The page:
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Summer Times Continued previous page

From left, Michael Aubertine of Clayton Distillery; one of the snazzy crafts on display at the Antique Boat Museum; and Peter Souch IV surveys the libations at Saint Lawrence Spirits. Michael Davis photo

St. Lawrence Information Beacons

Watertown. (315) 788-2337; skewedbrewing. com. Mondays through Saturdays, 11:30 a.m. to 10 p.m.; Sundays, 11 a.m. to 8 p.m.

Schoolhouse Road, Grindstone Island, Clayton. facebook.com/oneofakindwine.

Alexandria Bay. (315) 482-9531; visitalexbay.org.

Wood Boat Brewery. 625 Mary St., Clayton.

Center, 40635 Route 12, Clayton. (315) 686-4769; northernflowvineyards.com Mondays through Saturdays, 8 a.m. to 8 p.m.; Sundays, 9 a.m. to 6 p.m.

Alexandria Bay Chamber. 7 Market St.,

Cape Vincent Chamber. 173 N James St.,

Cape Vincent. (315) 654-2481; capevincent.org.

Chaumont-Three Mile Bay Chamber. 28589 Empie Road, Chaumont. (315) 649-3404; chaumontchamber.com.Clayton Chamber. 517 Riverside Drive, Clayton. (315) 686-3771; 1000islands-clayton.com.

Skewed Brewing. 21182 Salmon Run Loop W.,

(315) 686-3233; woodboatbreweryny.com. Mondays through Saturdays, 11 a.m. to 11 p.m.; Sundays, noon to 11 p.m.

Wineries

Busted Grapes Winery. 19557 Ball Road,

Black River. (315) 519-7574; bustedgrapeswine. com. Fridays, 11 a.m. to 7 p.m.; Saturdays and Sundays, 11 a.m. to 5 p.m.

Sackets Harbor. (315) 646-1700; sacketsharborny.com/chamber.

Cape Winery. 2066 Deerlick Road, Cape Vincent. (315) 654-3218; thecapewinery.com. Daily, 11 a.m. to 5 p.m.

Taste 1000 Islands. (802) 272-5821;

Coyote Moon Vineyards & Winery. 17371

Sackets Harbor Chamber. 100 W. Main St.,

taste1000islands.com.

Breweries Sackets Harbor Brewing Company. 212 W.

Main St., Sackets Harbor. (315) 646-2739; sacketsharborbrewpub.com. Mondays through Fridays, 4 to 9 p.m.; Saturdays and Sundays, noon to 9 p.m.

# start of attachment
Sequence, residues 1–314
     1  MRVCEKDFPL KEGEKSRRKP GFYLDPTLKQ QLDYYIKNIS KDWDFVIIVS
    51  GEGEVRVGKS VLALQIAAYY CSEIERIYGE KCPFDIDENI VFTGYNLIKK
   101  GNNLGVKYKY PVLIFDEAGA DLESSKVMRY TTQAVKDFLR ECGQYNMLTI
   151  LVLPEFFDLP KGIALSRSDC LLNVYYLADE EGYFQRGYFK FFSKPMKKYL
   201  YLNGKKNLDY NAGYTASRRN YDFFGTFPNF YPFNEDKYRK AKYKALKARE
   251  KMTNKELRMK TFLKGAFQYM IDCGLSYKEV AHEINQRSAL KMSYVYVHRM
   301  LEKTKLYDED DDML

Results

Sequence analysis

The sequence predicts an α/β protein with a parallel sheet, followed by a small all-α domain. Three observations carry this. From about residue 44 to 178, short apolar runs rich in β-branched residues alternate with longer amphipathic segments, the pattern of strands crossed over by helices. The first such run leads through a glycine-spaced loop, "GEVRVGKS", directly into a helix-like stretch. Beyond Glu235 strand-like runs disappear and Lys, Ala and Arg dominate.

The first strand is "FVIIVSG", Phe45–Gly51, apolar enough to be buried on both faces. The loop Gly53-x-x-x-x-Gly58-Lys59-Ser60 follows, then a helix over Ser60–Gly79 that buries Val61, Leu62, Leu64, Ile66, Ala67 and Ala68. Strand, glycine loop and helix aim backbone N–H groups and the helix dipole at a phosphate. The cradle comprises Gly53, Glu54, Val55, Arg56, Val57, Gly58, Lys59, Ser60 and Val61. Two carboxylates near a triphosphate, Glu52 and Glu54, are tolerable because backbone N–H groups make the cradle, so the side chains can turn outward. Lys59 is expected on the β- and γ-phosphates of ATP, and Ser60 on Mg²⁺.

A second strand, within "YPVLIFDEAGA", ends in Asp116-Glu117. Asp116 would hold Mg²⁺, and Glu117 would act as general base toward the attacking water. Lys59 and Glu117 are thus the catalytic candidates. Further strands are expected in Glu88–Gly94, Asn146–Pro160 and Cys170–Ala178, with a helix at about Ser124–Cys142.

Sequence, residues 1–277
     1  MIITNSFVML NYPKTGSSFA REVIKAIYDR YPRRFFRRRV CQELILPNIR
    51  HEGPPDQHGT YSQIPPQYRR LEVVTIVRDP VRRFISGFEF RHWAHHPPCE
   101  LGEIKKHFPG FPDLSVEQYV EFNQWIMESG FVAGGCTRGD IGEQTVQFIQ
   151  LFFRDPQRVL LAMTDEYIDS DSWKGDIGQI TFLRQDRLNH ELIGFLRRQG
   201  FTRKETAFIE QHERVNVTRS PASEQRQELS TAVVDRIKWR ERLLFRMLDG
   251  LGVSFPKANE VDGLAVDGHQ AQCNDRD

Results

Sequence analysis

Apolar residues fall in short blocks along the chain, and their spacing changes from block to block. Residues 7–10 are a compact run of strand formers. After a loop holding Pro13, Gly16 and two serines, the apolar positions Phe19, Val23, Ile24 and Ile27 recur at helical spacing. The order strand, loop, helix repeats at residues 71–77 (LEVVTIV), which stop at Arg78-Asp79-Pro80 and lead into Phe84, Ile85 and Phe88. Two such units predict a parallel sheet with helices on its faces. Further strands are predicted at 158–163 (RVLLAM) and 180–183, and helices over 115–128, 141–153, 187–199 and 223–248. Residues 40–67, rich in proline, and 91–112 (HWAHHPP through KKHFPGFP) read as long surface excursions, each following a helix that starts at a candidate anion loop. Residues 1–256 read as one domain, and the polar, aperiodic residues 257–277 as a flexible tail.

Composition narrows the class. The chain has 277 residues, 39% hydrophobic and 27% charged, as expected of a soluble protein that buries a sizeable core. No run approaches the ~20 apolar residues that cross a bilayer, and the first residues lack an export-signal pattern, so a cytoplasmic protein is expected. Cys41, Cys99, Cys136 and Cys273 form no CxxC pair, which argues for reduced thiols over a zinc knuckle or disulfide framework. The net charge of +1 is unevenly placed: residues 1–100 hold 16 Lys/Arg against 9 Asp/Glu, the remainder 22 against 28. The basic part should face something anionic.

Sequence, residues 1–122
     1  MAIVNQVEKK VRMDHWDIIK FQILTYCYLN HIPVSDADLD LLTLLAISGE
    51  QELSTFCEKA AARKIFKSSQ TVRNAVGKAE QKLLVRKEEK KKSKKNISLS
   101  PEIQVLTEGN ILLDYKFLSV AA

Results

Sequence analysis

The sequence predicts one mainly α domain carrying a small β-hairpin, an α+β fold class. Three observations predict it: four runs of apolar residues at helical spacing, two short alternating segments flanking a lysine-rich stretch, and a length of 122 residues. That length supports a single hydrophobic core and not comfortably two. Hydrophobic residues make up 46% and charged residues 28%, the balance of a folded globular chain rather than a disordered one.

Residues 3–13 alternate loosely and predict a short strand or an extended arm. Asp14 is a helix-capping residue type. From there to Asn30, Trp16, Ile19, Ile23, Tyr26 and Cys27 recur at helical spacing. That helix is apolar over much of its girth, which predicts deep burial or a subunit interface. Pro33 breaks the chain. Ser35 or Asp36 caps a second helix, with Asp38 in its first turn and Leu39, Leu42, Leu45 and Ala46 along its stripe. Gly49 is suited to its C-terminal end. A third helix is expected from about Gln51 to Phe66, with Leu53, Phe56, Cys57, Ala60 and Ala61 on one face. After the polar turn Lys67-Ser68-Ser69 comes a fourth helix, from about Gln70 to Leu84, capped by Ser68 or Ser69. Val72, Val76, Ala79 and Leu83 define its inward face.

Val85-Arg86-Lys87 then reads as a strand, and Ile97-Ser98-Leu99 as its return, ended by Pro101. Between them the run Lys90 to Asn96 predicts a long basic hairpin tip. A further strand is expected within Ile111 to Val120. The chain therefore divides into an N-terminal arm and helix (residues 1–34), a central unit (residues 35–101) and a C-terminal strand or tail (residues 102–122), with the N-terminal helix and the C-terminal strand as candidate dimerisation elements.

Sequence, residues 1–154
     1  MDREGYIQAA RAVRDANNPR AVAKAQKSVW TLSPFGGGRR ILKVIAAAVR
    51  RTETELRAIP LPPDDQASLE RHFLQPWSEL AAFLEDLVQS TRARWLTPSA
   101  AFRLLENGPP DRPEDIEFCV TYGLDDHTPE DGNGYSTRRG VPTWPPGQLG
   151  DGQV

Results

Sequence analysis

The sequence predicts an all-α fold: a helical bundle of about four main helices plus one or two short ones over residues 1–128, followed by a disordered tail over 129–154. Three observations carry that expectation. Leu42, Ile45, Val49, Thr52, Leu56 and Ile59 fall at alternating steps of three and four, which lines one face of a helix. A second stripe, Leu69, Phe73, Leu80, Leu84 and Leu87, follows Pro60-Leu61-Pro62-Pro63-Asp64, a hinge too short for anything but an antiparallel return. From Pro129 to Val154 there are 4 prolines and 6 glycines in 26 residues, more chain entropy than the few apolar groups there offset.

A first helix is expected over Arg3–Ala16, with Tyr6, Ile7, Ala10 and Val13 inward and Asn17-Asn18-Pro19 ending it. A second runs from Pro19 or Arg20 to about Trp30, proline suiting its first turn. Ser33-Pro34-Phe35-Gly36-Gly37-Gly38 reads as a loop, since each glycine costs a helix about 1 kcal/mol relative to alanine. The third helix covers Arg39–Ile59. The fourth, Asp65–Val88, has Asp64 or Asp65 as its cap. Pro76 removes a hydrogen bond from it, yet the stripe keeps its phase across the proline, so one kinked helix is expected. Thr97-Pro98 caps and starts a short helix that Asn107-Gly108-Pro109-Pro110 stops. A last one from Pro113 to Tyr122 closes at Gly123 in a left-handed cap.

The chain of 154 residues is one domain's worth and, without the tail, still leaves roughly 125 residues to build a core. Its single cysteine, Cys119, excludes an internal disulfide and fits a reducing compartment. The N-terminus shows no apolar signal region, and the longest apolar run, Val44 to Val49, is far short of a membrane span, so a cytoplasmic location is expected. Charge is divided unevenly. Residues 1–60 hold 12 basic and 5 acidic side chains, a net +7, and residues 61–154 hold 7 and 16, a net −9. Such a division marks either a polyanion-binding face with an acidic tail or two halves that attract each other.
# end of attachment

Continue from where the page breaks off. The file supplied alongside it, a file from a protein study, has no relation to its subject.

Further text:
Farm Fresh Produce

Always!

Open 7 Days! Mon-Sat 8-7 Sun 8-6

4 Miles West of Baldwinsville on Route 370

30

Route 3, Clayton. (315) 686-5600; coyotemoonvineyards.com Sundays through Thursdays, 10 a.m. to 6 p.m.; Fridays and Saturdays, 10 a.m. to 8 p.m.

Wine & Craft Beer Lounge, 524 Riverside Drive, Clayton. (315) 686-4030. Mondays

through Thursdays, 10 a.m. to 6 p.m.; Fridays and Saturdays, 10 a.m. to 10 p.m.; Sundays, 11 a.m. to 5 p.m. .

OPEN FOR THE SEASON!

• Strawberries & Organic Strawberries & Blueberries • Call Ahead For Pick Your Own Dates!

(315)635-3357 www.reevesfarms.com

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Grindstone Island Winery. 42811

Northern Flow Vineyards. DeLuke’s Garden

Otter Creek Winery. 33109 Rudes Road,

Philadelphia. (315) 642-0622; ottercreekwinery. com. Tasting room also located at 43750 Route 12, Alexandria Bay. (315) 777-7991. Mondays through Saturdays, 10 a.m. to 6 p.m.; Sundays, 10 a.m. to 5 p.m.

Thousand Islands Winery. 43298 Seaway Ave., Alexandria Bay. (315) 482-9306; thousandislandswinery.com. Daily, 10 a.m. to 6 p.m. Venditti Vineyards. 42780 New Connecticut Road, Theresa. (315) 287-0500; vendittivineyards.com. Fridays through Sundays, noon to 6 p.m. Yellow Barn Winery. 18876 Route 66,

Watertown. (315) 782-1824; yellowbarnwinery. com. Daily, 11 a.m. to 6 p.m.

Spirits Clayton Distillery. 40164 Route 12, Clayton.

(315) 285-5004; claytondistillery.com. Mondays through Saturdays, 11 a.m. to 7 p.m.; Sundays, noon to 5 p.m.

Dark Island Spirits. 42 Church St., Alexandria Bay. (315) 482-2059; darkislandspirits.com. Mondays through Saturdays, 11 a.m. to 8 p.m.; Sundays, 11 a.m. to 6 p.m.

St. Lawrence Spirits. 28289 Route 12 E., Clayton. (315) 285-5224; saintlawrencespirits. com. Saturdays and Sundays, 10 a.m. to 3 p.m.

Highlights

Antique Boat Museum. 750 Mary St., Clayton. (315) 686-4104; abm.org. Daily, 9 a.m. to 5 p.m. $40/families up to five people, $14/ adults, $12/seniors, $8/ages 7 to 17, free/ages 6 and under. Tours add-on pricing. Specialty pricing for active military, veterans and spouses. Boldt Castle. 1 Heart Island, Alexandria Bay.

(315) 482-9724, (315) 482-2501; boldtcastle.com. Daily, 10 a.m. to 6:30 p.m. $9.50/adults, $6.50/ ages 5 to 12, free/ages 4 and under.